What challenges do you face as a blogger?
Joanne: One of the biggest challenges that I face as a blogger is that I am sometimes seen as an expert. What I am sharing is just one example of early learning, and it is always changing as I learn from courses, professional readings, and from collaborative experiences with educators and children. The ideas shared are my own and are not the “right” way or “only” way. I hope that the audience can feel connected to what I share and leave inspired to try a version of what they feel is right for their students and context. Even when I worked in the same school, same classroom, with the same DECE teaching partner, same administrator, and same community, our practice changed year-to-year according to the needs and interests of our learners. Trying to replicate or view the strategies shared on the blog as a formula/recipe to be copied, will only cause frustration. Your best teachers are your students! Take the time to get to know them and observe what messages they are communicating to you about their learning. The children have taught me far more than any conference, course, or article!
Sometimes being overly transparent has lead to the criticism of my blog content, but I am learning to be strong and stay true to myself! In this journey, I recognize that I cannot please everyone, so I take great joy in hearing from those who have found it helpful. My goal is to inspire one classroom at a time to begin their own transformation, and if I can accomplish that, then I will feel as though I have made a positive difference to the education community.
Royan: I can really relate to what Joanne’s saying here. Educational blogging is often seen as just another way to share best practices or expertise, but I hope we think of it more as a process of thinking, reflection, and documentation. It’s tough because you put yourself out there, and sometimes your ideas will get picked apart because folks presume you’re trying to make grand, universal statements. I’ve recently realized as well that I’m quite privileged in the sense that female bloggers seem to get nit-picked or trolled far more than male ones such as myself. I find that really disconcerting as a husband, son, and father of two future female superheroines.
In what ways has your blog evolved over time? How do you hope it changes in the future?
Joanne: My blog has truly been through an evolution both in its physical appearance, as well as in its content. When I first started to blog, I used the Blogger template and wrote really long posts with a few photographs or video clips that were specific to early childhood education. Currently, the blog went through a makeover with the help of a graphic designer from San Francisco, California, and looks completely different! It has a fresher feel and showcases more of my educational photography, as well as who I am on a personal level. I have started to write less, and share more of my thinking through visuals. This was an intentional decision, as I believe a picture is worth a thousand words, which leaves room for my audience to make their own interpretation(s). My hope for the future is that it continues to make visible my transformation in classroom design, photography, pedagogy, creative thinking, and life! It will be fun to blog as a parent too, but one step at a time!!! I just got married…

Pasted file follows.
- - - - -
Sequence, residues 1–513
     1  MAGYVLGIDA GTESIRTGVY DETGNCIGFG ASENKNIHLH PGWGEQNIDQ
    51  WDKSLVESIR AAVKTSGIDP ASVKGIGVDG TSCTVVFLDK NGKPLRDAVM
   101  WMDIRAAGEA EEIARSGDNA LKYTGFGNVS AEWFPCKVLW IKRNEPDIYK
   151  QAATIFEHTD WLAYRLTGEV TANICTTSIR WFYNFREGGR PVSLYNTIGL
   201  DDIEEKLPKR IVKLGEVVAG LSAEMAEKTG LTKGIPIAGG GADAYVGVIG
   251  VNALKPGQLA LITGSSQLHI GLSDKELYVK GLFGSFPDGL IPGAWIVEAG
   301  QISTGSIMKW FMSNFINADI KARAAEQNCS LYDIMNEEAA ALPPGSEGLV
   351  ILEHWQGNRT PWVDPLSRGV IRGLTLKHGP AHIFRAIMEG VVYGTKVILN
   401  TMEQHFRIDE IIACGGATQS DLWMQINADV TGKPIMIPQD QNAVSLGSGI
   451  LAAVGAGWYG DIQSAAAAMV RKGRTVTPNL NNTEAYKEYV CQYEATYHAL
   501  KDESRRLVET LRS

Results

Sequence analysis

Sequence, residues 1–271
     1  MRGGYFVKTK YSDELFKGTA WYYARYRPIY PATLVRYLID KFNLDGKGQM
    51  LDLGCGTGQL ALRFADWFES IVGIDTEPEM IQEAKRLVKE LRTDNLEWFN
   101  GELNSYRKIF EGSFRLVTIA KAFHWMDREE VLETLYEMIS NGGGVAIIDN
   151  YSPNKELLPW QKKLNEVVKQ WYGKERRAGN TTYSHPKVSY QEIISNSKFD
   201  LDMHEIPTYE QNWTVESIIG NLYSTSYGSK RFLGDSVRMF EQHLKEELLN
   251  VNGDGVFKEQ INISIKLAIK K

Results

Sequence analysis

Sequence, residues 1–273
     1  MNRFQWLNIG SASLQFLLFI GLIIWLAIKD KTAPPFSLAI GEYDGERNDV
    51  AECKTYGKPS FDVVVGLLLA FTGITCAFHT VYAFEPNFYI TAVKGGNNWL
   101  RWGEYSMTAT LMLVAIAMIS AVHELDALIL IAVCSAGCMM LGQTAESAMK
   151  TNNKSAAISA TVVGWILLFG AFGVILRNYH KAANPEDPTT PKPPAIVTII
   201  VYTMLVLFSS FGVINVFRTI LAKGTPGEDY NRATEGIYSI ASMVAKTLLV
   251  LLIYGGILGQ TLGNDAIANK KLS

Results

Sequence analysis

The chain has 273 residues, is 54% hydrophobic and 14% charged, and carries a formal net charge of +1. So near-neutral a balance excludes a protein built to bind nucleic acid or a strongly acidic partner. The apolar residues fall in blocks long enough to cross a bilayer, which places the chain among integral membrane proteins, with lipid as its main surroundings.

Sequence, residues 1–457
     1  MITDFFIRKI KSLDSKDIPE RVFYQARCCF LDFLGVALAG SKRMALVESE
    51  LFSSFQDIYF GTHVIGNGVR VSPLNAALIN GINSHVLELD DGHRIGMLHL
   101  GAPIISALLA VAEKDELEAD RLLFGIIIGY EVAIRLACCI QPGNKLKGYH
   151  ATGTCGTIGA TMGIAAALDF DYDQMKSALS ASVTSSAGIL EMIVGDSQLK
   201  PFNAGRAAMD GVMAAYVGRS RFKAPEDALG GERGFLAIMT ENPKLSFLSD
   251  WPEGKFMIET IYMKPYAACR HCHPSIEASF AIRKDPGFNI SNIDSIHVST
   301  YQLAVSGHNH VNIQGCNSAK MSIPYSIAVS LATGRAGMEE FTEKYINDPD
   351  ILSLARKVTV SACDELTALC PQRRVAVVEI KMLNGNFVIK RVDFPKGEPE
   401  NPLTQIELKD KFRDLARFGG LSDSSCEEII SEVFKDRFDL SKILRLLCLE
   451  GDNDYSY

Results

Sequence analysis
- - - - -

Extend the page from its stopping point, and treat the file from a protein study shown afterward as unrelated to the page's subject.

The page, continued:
Royan: Like Joanne, my blog has gradually moved more into the visual over just text, and I received tons of help from my buddy Fred in redesigning my old generic WordPress theme. Other than that, by blog hasn’t really changed in purpose. I still write and publish because I enjoy the process and since it helps me reflect. The biggest evolution, I guess, has been my outlook on educational technology (#edtech). Many people started reading The Spicy Learning Blog for my experiences, ideas, and reflections on #edtech. I still love writing about it and always will. However, I would say that I started out with a real utopian view of tech in education in the first few years of my blog, and have know evolved to recognizing the inextricable paradoxes that #edtech brings us. For example, the tools can be transformative and liberating while simultaneously reproducing inequity. Also, they can aid social justice actions or supporting corporate hegemony. There are so many gray areas. So, I guess it is my ideas that have evolved as much as anything, and I’m actually very proud of that.
Do you have any tips for bloggers who find it hard to find an audience, or publish posts regularly? What has/hasn’t worked for you?
Royan: First, keep blogging, don’t stop. Karate chop that voice in your head that reminds you constantly, “Why are you bothering with this? You know you suck, right? As if anyone’s going to read this…” That creature on your shoulder is not your friend. Second, create a workflow for blogging. It should weave itself seamlessly into your daily life. If it feels like a onerous school assignment, you’re doing it wrong. Lastly, keep it simple. If you want to write about how good your cup of coffee was this morning, the best Magic the Gathering game you ever played, or how great your grandma’s perogies are, just do it and do it right. By not trying to change the world with your blog, you actually just might.
Joanne: My honest advice is don’t blog or post on social media in hopes for more followers, likes, retweets, pins, and views. Just do your thing and do not worry about what other people think of you or your work. I never thought that I would have an audience, let alone one that extends throughout the world! Reading comments or emails from places like Australia, Asia, Europe, was never even in the scope of my imagination! However, even when this wasn’t the case and I had an impact on a single follower (one, in particular, stands out in my memory who introduced themselves at a conference and shared that she cherished her time reading my posts with her tea), makes me feel like it was all worthwhile!
Over the years, I used to follow a schedule for blogging, but now just give myself weekly goals and am more flexible when “real life” happens. Being less predictable with my posts, makes it a fun surprise for my blog visitors and allows them to discover something new that they hadn’t come across the last time! I also make it a point to share bits and pieces of my posts on Twitter, Instagram, and Pinterest, which might encourage those who stumble upon it to read the entire story!
Thank you from my heart for continuing to peek into my reality! I hope that I can continue this conversation with all of you for many more years to come…
Connect with the Origins of Blogging crew at the following places and spaces:
Pinterest: Joanne Babalis
YouTube: Joanne Babalis
Professional Blog: royanlee.com
Parenting Blog: medium.com/@royanlee
Dog Blog: firstname.lastname@example.org